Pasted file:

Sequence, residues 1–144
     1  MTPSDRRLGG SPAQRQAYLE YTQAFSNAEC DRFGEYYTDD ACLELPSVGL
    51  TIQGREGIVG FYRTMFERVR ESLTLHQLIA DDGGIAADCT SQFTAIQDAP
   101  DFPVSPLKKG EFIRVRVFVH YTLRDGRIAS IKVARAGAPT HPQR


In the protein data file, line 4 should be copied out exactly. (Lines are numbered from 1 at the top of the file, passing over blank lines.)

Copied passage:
   101  DFPVSPLKKG EFIRVRVFVH YTLRDGRIAS IKVARAGAPT HPQR